Vote counting was underway in Zambia on Friday after a hard-fought general election that saw sporadic clashes and troop reinforcements dispatched to three provinces.
The ballot is expected to be the tightest yet in the third successive standoff between President Edgar Lungu, 64, and veteran opposition candidate Hakainde Hichilema, 59.
Partial and regional tallies started to trickle in on Friday, with final consolidated results expected by Sunday, although Lungu's party hinted it was heading for victory.
Thursday's vote presented a test of democracy in the usually peaceful southern African nation country of more than 17 million people.
Rising living costs appear to have sapped support for Lungu, who is accused of growing increasingly iron-fisted since taking office in 2015.
Hichilema is vying for the top job for the sixth time, this time with the backing of 10 opposition parties.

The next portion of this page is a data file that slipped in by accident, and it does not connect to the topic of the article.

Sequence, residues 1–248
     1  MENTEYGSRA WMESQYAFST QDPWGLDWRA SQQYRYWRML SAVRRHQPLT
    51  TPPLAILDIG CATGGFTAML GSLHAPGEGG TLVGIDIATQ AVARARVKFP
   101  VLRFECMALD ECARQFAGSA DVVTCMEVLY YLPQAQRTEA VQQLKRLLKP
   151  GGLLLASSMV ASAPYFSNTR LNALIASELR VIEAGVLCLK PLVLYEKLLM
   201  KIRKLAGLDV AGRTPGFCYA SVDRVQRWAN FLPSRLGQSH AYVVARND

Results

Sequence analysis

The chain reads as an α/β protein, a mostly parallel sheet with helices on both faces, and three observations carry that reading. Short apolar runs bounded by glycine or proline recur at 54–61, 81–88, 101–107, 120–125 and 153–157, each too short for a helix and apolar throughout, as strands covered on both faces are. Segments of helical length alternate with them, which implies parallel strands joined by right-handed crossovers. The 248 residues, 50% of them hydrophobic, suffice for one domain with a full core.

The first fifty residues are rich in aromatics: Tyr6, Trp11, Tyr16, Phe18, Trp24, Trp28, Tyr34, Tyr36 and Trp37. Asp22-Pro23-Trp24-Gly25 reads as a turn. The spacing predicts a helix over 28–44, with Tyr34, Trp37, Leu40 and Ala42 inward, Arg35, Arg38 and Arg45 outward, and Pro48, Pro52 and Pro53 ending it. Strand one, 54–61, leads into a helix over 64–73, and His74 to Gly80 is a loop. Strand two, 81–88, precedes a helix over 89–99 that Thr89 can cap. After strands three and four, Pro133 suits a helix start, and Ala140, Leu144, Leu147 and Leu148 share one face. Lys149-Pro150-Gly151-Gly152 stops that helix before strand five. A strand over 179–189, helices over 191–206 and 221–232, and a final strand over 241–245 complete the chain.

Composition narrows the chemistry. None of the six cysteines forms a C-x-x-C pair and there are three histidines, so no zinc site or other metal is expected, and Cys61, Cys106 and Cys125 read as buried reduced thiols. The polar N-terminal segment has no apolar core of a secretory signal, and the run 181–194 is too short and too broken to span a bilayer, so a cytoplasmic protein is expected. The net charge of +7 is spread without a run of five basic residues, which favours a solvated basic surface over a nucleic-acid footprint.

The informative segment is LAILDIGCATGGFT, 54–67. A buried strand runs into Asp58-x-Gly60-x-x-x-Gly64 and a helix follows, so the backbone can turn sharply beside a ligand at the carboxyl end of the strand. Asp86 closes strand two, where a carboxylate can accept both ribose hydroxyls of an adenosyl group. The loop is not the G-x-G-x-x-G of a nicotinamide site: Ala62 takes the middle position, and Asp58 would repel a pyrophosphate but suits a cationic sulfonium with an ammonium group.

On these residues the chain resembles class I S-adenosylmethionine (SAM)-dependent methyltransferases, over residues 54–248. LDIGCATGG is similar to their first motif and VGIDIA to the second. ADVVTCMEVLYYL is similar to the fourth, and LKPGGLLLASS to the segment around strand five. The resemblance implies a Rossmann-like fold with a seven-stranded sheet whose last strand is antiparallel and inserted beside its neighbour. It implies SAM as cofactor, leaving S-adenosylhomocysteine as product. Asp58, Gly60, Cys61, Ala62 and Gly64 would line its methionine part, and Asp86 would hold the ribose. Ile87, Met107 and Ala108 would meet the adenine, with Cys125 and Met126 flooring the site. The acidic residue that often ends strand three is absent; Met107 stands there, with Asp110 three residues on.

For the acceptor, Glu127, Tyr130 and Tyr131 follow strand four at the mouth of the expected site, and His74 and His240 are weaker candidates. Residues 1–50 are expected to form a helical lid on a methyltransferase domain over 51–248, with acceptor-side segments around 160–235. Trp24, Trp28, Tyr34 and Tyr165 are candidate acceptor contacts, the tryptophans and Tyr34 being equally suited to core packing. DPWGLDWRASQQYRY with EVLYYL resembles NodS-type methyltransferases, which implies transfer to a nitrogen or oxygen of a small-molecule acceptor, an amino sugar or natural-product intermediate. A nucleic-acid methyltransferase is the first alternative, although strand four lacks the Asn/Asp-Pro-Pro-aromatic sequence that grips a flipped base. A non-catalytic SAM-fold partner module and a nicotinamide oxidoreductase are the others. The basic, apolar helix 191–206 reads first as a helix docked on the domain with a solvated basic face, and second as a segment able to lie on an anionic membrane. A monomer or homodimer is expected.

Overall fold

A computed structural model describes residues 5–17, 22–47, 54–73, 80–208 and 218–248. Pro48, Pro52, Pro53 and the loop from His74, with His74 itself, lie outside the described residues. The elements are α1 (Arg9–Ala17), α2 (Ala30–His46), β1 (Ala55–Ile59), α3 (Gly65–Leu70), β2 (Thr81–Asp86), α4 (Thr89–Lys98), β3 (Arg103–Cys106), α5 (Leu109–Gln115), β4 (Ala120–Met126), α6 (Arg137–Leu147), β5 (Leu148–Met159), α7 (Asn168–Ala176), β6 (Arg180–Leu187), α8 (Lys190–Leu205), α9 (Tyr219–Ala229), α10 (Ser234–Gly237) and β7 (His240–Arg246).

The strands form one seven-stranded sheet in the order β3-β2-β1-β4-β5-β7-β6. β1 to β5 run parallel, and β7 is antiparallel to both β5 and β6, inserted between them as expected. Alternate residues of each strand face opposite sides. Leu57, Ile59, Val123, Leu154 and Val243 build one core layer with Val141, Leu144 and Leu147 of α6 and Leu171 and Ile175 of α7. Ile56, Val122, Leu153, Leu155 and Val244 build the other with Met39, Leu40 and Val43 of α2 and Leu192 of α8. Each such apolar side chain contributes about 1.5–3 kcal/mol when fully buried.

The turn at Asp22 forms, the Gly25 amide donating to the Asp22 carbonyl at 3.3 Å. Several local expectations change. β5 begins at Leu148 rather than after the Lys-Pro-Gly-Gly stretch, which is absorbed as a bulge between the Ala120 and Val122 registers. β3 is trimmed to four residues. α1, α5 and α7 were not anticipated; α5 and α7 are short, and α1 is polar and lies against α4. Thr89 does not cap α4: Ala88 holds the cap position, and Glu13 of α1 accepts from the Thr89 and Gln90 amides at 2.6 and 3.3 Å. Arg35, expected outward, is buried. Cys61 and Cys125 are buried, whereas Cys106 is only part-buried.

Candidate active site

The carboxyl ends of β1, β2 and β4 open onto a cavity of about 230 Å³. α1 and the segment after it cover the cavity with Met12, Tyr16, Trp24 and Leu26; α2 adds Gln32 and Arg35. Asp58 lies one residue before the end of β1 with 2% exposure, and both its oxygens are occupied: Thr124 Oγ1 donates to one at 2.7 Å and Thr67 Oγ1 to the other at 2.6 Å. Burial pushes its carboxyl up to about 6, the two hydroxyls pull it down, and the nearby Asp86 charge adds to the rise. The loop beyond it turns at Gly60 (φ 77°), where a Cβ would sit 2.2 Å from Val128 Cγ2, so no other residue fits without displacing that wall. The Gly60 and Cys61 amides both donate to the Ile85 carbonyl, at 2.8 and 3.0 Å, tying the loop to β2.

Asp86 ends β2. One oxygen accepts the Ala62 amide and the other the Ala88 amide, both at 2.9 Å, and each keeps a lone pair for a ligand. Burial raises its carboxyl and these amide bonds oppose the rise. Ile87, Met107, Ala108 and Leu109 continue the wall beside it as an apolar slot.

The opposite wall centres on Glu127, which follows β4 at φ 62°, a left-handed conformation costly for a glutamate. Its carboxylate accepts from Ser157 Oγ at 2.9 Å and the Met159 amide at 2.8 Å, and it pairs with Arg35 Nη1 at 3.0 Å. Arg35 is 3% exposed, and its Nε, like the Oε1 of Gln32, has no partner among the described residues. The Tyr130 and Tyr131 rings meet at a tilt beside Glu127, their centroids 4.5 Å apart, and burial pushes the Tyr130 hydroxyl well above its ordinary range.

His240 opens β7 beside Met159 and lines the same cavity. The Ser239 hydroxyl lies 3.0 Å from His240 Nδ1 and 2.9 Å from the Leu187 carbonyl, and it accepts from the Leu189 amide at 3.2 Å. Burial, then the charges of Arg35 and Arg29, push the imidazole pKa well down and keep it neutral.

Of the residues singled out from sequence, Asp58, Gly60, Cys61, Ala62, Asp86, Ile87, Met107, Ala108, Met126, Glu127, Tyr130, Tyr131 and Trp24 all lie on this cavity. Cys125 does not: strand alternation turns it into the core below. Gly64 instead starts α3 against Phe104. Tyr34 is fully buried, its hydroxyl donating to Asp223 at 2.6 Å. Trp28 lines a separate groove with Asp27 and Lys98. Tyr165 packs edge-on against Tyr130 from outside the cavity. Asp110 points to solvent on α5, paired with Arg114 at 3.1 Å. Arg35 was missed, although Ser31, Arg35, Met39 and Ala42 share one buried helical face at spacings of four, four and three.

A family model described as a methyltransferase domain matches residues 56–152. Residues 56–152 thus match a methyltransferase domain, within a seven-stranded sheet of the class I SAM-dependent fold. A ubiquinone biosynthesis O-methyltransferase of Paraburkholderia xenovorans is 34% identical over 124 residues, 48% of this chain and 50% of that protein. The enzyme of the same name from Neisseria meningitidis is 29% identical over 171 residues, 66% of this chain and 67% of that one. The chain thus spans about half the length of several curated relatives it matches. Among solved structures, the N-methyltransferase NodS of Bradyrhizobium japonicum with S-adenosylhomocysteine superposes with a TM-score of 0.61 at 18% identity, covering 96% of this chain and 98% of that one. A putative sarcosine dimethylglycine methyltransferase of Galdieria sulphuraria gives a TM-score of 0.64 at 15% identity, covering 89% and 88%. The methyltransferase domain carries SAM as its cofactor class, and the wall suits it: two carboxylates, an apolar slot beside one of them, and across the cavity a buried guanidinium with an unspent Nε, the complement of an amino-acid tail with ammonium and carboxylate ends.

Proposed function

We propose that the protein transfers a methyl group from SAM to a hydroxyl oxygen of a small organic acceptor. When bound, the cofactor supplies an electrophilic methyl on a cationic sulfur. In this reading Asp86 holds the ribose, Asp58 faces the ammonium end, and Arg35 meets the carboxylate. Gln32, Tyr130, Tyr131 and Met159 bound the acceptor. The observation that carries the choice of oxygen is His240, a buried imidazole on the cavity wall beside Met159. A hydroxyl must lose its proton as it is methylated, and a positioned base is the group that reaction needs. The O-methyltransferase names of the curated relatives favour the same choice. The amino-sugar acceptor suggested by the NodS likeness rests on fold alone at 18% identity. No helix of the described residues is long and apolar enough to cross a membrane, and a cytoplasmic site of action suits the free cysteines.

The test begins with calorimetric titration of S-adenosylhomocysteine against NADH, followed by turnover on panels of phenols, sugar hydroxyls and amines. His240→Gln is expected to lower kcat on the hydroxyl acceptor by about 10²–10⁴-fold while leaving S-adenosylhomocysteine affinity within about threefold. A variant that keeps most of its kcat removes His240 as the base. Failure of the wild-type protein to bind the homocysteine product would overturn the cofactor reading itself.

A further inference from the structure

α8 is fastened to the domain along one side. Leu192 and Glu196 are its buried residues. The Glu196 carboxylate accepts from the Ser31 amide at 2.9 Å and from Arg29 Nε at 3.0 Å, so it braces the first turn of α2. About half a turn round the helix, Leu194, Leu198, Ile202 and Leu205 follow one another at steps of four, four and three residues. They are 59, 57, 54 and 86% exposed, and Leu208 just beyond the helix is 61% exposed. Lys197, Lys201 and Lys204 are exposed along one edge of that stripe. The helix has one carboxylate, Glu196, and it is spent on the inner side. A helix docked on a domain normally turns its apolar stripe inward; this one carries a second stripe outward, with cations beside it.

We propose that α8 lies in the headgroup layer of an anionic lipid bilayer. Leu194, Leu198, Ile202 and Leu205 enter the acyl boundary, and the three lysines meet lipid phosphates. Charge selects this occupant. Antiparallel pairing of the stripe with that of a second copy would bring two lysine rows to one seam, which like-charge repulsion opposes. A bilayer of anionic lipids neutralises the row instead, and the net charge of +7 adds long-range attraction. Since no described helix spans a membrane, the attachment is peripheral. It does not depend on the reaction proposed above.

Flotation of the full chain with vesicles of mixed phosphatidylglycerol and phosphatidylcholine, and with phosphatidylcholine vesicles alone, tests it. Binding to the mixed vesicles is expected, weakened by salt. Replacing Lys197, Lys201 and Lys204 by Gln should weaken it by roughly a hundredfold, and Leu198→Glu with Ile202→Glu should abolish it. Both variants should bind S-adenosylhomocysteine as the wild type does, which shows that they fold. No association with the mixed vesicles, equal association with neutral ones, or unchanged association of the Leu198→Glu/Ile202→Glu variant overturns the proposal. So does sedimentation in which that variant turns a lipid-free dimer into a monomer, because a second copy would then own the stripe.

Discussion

Violence occurred in North-Western province, a Hichilema stronghold, where two people including a chairman of the ruling Patriotic Front (PF) party were killed, Lungu announced late Thursday.
He placed the blame on Hichilema's United Party for National Development (UPND) party.
Zambia's electoral commission has launched an investigation into the chairman's murder.
The UPND distanced itself from the case, calling it a "distraction" tactic.
The PF also alleges that some of its agents were beaten and chased from polling stations in Southern province.
Nigeria's opposition petitions to overturn election result
Go to video
Nigeria's ruling party leads in local elections
Vice-President Kamala Harris to visit Africa in latest U.S. outreach
Nigeria's electoral commission postpones polls for new state governors
U.S. pick for World Bank says 'emission heavy' growth model outdated
Opposition leader calls the Nigerian elections a 'rape of democracy'